Mill And Harriet Taylor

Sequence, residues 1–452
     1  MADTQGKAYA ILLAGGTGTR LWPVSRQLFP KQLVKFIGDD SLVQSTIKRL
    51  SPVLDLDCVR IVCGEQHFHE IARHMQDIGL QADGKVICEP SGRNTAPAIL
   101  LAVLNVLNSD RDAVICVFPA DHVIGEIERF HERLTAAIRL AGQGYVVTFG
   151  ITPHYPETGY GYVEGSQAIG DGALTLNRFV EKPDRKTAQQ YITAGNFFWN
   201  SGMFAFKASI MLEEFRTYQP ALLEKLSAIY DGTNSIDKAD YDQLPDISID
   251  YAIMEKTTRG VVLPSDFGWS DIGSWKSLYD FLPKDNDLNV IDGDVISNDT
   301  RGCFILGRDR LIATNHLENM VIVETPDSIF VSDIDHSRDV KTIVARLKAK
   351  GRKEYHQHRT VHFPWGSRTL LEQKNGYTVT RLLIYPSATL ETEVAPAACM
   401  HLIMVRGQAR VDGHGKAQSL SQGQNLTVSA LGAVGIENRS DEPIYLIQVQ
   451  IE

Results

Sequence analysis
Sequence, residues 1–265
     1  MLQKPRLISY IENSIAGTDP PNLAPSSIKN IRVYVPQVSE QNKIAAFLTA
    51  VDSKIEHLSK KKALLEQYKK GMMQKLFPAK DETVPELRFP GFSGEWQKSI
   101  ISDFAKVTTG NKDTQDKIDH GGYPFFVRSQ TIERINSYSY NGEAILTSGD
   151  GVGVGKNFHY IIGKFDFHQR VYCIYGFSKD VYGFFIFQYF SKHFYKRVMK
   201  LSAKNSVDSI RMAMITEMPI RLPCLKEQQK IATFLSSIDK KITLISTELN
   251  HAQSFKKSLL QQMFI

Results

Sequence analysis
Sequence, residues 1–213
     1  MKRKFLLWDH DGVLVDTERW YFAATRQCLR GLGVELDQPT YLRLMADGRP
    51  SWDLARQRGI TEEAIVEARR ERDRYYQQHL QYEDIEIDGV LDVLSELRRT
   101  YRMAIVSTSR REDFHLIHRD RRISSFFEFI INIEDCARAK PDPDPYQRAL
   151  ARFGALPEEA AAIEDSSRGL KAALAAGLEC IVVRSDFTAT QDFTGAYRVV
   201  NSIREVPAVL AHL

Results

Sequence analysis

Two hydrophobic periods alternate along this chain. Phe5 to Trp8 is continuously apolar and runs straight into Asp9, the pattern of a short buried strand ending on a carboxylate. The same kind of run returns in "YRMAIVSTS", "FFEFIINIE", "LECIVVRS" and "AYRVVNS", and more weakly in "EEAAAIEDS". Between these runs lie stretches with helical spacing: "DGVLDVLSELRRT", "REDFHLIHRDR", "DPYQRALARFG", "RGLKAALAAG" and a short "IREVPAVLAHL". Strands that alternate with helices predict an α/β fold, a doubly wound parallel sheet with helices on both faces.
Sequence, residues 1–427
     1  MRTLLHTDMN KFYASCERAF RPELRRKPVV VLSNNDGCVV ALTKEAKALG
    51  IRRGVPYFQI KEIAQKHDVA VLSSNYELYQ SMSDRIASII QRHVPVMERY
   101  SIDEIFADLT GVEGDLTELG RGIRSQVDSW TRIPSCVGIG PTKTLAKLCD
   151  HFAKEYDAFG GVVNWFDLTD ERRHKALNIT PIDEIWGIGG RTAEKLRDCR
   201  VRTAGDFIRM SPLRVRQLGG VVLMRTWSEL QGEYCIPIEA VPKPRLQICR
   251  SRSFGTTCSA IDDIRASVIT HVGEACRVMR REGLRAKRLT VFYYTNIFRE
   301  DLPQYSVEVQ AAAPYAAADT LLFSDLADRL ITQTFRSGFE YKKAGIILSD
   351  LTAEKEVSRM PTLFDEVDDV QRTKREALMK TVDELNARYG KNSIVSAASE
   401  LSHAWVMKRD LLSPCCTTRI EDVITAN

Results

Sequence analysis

“Mill met Harriet Taylor, a radical Unitarian full of intellectual passion and dogmatism, and fell deeply in love with her. Unfortunately, Harriet Taylor was married, and having an intense friendship with another man’s wife was not respectable in Victorian society. Her husband was astonishingly liberal minded in this regard and clandestinely opened his home to the philosopher. He even bought a country cottage where she and Mill could spend weekends together, and paid for her long trips abroad with Mill. According to Taylor’s correspondence, the twenty-year friendship did not involve sex and was purely platonic until her husband died and they finally married in 1851. Not everyone agreed with Mill’s high assessment of his wife. Carlyle thought she was “full of unwise intellect, asking and re-asking stupid questions” with her “great dark eyes, that were flashing unutterable things while he was discoursin’ the utterable concerning all sorts o’ high topics” She took care of him when he contracted tuberculosis in the early 1850s. Harriet fell ill also, and thinking they would die within a year, toured together in 1854–55 to Italy, Sicily, and Greece. Miraculously, they recuperated. Following their recovery, Mill and his wife acquired an increasing streak of elitism and snobbery. When traveling abroad, Mill regularly graded the people he met, for intelligence, language, and political views. He found no one to  be his (or his wife’s) match. He consecrated the book to Harriet, who tragically died—of tuberculosis!—in 1858, a year before its publication. He wrote an extravagant eulogy, addressing her as “unparalleled in any human being that I have known or read of” . He erected a costly marble tomb for her at Avignon, which he visited daily.Mill’s mother was uneducated and without strong opinions. He blamed her for his father’s coldness and irritability. He despised and disliked her, and never mentioned her in his autobiography.”-The Making Of Modern Economics, Mark Skousen

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